There has been a lot of consolidation in the banking industry lately, and the next few years will probably see even more.
In this segment from the Industry Focus: Financials podcast, Gaby Lapera and David Hanson explain how the sector's regulatory environment has changed since the financial crisis, and why consolidation is the best way for many banks to survive it.
A transcript follows the video.
This podcast was recorded on April 25, 2016.
Gaby Lapera: The other thing that I was reading is that apparently consolidation has increased among banks, and I think that's mostly due to the regulatory requirements. Banks are required to have so much capital on hand that's just hard for the smaller banks to survive in this regulatory environment. The other piece of news that I saw today about small banks is there is this guy, what was his name? He used to work for Warren Buffett and he left under a haze of, something fishy happened with their stock trading.
David Hanson: I know what you're talking about; his name escapes me as well at the moment. Yeah, it was a couple years ago.
Lapera: He is actually out in Virginia now, and he owns a huge interest in Middleburg Bank, which is a local bank, and he is pushing to get them bought by someone else, because he says that anyone under $2 billion can't survive. I think to the average person, you hear $2 billion and you think, "whoa, that's a lot of money." But in banking, it's really nothing.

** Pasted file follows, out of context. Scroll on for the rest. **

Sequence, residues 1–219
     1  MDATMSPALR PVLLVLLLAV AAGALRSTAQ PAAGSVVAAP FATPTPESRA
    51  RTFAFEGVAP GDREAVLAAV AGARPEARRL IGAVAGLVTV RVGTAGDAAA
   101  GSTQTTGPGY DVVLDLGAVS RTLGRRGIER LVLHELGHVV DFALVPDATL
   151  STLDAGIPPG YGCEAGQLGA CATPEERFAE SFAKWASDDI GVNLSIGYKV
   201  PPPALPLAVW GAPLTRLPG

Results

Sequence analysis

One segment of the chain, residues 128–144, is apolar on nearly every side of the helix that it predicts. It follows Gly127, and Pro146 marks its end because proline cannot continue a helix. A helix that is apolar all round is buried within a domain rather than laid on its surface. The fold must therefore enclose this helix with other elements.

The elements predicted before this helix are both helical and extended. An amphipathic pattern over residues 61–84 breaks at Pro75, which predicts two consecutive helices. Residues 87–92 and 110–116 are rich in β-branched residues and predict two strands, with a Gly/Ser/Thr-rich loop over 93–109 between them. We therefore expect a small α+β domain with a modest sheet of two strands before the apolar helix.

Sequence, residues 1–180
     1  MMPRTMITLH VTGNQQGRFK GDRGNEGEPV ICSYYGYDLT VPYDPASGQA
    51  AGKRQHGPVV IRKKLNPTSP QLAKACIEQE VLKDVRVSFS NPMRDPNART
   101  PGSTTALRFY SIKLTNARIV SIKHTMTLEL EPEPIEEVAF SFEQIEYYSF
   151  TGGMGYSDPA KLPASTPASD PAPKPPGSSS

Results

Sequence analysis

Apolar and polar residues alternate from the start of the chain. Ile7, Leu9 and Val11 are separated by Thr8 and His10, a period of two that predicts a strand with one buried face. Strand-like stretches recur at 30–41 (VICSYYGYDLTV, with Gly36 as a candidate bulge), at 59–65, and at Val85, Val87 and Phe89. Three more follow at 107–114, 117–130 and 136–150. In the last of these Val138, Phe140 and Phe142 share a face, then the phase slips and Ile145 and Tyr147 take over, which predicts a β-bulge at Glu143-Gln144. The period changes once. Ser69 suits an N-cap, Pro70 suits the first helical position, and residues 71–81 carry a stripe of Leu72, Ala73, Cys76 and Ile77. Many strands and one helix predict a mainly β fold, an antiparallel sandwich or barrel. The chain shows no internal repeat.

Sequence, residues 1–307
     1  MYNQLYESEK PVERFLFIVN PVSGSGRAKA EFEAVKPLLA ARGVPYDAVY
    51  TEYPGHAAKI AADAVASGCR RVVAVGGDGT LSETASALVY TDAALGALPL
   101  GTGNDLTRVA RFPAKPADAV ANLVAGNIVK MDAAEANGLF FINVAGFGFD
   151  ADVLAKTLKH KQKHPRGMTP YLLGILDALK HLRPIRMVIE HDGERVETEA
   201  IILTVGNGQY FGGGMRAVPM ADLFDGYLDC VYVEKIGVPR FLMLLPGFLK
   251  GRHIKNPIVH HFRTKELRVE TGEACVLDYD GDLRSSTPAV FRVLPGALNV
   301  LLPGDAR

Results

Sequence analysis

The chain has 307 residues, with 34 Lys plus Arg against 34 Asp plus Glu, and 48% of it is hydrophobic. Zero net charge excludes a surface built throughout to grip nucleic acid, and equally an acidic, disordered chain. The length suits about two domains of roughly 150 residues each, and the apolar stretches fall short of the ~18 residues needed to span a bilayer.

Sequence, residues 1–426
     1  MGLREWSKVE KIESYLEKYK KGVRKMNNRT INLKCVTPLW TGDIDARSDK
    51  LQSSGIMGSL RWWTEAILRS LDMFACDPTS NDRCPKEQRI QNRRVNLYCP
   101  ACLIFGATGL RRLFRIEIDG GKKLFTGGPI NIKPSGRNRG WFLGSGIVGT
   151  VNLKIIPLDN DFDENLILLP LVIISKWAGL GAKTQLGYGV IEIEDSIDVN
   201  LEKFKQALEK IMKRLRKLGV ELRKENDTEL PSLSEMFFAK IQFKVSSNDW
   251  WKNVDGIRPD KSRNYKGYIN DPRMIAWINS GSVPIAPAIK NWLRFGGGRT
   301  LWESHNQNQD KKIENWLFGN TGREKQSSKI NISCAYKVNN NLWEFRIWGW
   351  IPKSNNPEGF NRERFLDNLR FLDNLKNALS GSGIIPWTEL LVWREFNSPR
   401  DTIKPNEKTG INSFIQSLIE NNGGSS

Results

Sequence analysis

Hanson: Not when you're dealing with balance sheets that have trillion-dollar asset bases; for JPMorgan [Chase] (NYSE:JPM) or Bank of America (NYSE:BAC), $2 billion is a rounding error for them. On the consolidation in those banks, big banks becoming bigger, that scares some people. There are obvious downsides to that; it's very hard to understand everything that's going on in banks as they consolidate and get bigger. I know you and Jay talked about that last week, too. I think you mentioned Citigroup (NYSE:C); I look at Citigroup's 10-K and it's like, what in God's name is this business? And what's going on in here?
But I think there is a benefit to that as well, that the perceived complexity, or the actual complexity of these big banks, may artificially depress the valuations that they're getting as well. Maybe that's always going to be an overhang, but I think if you take the other side of that, it may be a benefit. You're saying, there's this bank out here that has a lot of earning power, Citigroup, JPMorgan, Bank of America, they have the potential to generate returns on equity over 10%. But because they're so complex in the short run, people don't fully understand where all that's coming from. You can pay less for it. I think there's a balance there that's like, you have the complexity of Citigroup, but you're getting a discount because of that complexity. As opposed to a small bank that you may look at and say, "I understand exactly what they do, they're only in West Virginia doing this type of loan." In that lack of complexity you're going to probably have to pay more for that on the valuation side. I don't fully say "complex bank bad, never buy it" I think you're always paying for it regardless of whether there's a lot of complexity or not.
Lapera: As we've been seeing with the oil-patch banks, that lack of diversity can really hurt a bank in the long term if things go sour for them.
David Hanson owns shares of JPMorgan Chase. Gaby Lapera has no position in any stocks mentioned. The Motley Fool recommends Bank of America. Try any of our Foolish newsletter services free for 30 days. We Fools may not all hold the same opinions, but we all believe that considering a diverse range of insights makes us better investors. The Motley Fool has a disclosure policy.